Michigan Casinos Asking For Bailout
The coronavirus pandemic has hit many industries hard in the state of Michigan, but perhaps none bigger than the casino industry. Michigan casinos have been completely shut down to stop the spread of the virus, and that has left countless workers out of a job.
This has also cost the casinos millions of dollars, just as they were starting to launch sports betting in the state. Michigan casinos have started to band together in requesting a bailout in hopes of finding a way through what will be a financial crisis.
Michigan currently has 26 casinos located throughout the state, and all 26 of them are currently shut down for what could be an extended time. The Center for Disease Control and Prevention has recommended that large gatherings be avoided for at least eight weeks.
Financial experts are now estimating that a shut down of eight weeks will cost the 26 casinos a collective $1 billion. Three of the biggest casinos in Detroit, the MGM Grand, MotorCity, and Greektown, are asking that the state government step in and help them out.
Looking for somewhere to play online? Bet Online accepts all US players and offers a $1000 real money signup bonus for casino, sports betting and poker.
It is important to note that the other 23 casinos in the state of Michigan are owned by tribal nations, but they have also decided to shut their doors. These casinos are not regulated by the state, but they are also looking to the state for some help during this financial crisis.
The three Detroit casinos are receiving support from the American Gaming Association as well. The American Gaming Association has asked the federal government to bail out all casinos throughout the United States.
There are close to 1,000 casinos located throughout the country, and the shut down has cost over 600,000 people jobs. In the state of Michigan, some 19,000 workers are currently unemployed until the shutdown is lifted, and the casinos open their doors again.
It was unclear if the three casinos in Detroit had planned to keep their doors open, but the decision was taken out of their hands earlier this week. Michigan Governor Gretchen Whitmer placed an executive order limiting the number of people that were allowed to gather in one place.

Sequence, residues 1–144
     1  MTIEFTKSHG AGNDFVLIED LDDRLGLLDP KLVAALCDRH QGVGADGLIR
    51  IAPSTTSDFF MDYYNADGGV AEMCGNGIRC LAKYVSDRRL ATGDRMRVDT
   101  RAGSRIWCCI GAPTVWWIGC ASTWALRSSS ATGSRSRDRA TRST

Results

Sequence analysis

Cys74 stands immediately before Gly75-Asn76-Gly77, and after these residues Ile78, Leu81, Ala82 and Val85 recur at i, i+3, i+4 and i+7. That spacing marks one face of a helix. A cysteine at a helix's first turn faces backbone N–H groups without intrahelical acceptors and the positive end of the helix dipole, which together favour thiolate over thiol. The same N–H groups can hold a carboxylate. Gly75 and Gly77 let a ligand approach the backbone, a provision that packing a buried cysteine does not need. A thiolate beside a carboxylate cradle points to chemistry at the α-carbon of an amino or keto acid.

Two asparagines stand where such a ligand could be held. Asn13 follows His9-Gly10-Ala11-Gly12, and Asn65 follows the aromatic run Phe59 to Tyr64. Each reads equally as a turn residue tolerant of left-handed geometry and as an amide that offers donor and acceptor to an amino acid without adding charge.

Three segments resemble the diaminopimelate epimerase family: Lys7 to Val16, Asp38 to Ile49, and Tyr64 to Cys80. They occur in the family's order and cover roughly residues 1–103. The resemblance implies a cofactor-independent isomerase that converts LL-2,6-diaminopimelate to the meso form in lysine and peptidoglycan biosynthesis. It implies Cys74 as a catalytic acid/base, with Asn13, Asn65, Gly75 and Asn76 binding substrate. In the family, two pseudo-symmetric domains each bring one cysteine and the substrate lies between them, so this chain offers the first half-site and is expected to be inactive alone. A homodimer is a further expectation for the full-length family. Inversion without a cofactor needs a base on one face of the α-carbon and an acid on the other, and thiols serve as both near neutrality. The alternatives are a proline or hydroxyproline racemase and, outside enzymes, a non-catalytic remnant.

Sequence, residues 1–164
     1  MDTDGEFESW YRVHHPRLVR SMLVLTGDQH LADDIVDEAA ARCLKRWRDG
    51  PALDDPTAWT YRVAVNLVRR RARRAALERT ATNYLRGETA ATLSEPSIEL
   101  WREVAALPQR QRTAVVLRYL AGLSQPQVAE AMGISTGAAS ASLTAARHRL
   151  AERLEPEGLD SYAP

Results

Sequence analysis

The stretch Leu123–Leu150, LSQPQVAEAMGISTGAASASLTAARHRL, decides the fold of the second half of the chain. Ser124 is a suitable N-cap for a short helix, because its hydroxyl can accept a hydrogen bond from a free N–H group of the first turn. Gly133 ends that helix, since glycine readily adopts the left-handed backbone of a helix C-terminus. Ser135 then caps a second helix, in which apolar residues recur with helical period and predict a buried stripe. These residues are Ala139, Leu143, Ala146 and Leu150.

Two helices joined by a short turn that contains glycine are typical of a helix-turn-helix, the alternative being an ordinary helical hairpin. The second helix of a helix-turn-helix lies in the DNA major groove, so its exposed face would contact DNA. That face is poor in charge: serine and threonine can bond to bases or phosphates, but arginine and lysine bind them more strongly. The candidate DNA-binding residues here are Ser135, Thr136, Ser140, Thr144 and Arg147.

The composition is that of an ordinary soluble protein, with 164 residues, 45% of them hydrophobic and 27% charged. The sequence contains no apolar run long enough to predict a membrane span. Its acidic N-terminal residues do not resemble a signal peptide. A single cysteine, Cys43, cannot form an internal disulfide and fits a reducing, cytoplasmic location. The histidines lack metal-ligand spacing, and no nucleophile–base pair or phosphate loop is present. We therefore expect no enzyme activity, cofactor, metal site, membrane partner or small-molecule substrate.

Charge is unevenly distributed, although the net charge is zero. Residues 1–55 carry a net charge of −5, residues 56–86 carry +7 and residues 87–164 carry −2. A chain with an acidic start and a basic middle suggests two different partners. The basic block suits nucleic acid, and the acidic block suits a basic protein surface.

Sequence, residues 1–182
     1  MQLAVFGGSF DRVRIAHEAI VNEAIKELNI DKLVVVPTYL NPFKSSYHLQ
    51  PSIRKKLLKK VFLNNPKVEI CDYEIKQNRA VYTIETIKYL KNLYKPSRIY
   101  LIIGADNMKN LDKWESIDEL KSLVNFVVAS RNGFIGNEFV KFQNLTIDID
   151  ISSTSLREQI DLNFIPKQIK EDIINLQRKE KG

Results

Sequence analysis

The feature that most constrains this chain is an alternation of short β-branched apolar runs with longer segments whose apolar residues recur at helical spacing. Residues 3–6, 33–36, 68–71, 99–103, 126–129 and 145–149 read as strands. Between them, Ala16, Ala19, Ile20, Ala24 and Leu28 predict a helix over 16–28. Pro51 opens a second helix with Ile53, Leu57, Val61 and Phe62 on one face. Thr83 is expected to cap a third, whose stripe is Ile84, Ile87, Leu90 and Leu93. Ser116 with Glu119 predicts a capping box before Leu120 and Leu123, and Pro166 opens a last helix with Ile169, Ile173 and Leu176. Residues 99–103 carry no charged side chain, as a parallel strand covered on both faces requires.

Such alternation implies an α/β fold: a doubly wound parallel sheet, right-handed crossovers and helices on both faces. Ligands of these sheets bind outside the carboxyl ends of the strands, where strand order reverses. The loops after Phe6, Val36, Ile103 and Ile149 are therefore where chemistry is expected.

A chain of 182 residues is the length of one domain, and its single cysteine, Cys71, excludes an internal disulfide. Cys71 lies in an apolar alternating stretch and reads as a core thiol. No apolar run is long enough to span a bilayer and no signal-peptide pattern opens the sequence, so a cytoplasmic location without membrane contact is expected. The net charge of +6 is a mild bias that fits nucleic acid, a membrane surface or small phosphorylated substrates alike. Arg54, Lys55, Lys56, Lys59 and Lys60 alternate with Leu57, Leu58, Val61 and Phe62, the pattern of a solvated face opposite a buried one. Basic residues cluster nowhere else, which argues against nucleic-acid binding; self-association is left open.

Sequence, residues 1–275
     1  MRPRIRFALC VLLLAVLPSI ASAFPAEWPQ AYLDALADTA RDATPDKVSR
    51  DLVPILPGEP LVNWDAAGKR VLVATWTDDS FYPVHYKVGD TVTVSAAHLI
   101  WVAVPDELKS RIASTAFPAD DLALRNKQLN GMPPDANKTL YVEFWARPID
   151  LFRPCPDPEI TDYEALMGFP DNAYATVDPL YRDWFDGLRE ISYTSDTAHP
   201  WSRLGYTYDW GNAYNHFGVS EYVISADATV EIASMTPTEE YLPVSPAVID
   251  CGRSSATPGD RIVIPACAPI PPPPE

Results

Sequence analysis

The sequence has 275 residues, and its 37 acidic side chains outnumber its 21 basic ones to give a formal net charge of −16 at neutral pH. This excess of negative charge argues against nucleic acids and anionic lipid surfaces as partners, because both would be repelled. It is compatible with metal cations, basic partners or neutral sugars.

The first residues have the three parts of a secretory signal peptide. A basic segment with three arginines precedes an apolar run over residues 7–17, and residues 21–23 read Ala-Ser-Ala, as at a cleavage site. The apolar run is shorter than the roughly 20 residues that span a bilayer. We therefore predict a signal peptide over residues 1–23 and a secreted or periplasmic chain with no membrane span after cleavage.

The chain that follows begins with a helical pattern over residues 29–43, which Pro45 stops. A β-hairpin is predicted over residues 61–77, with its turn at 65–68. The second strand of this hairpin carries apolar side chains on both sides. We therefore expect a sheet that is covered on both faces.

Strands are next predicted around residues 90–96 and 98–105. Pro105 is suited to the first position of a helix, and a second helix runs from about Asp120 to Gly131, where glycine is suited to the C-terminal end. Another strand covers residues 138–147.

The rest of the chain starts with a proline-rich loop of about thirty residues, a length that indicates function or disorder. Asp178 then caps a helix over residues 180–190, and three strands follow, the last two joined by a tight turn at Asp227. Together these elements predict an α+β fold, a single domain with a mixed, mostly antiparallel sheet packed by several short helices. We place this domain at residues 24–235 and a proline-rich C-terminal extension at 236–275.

The MGM Grand, Greektown, and MotorCity have all agreed to pay all of their employees through the end of the month, but that’s all that they have promised. If a state or federal bailout does not happen within the next week, it’s unlikely that they will have the money to continue paying the 19,000 plus workers that are out of a job.
All three casinos have been working to support local and state organizations during this time as well, donating food and money to local organizations.
March was supposed to be a huge month for the three Detroit casinos as all three were planning to launch sports betting on-site as well. The state of Michigan officially launched sports betting on March 11, but in a few days, the entire sports world had been shut down indefinitely.
Not only will those casinos not be able to make money from bets until the sports world resumes play, but they will also be forced to pay returns on close to $10 million in bets.
The city of Detroit and the state of Michigan are also taking a huge hit during this time. Both local and state governments were set to receive tax revenue from the expanding gaming operation in the state, and they already receive a revenue share of the casino industry.
Michigan is not the only state faced with this issue, but a decision is expected in the next couple of days.
Related US Gambling Articles:
- Strict Restrictions Coming To Detroit Casinos
- Michigan Gaming Control Board Releases Minimum Guidelines for Casino Reopenings
- As Casino Revenues Struggle, Michigan Looks to Start iGaming Industry
- Detroit Casinos to Fall Short on Revenues Despite Reopening
- Online Gambling and Sports Betting Legalized in Michigan
- Detroit Mayor Says It May Be Months Before Casinos Fully Reopen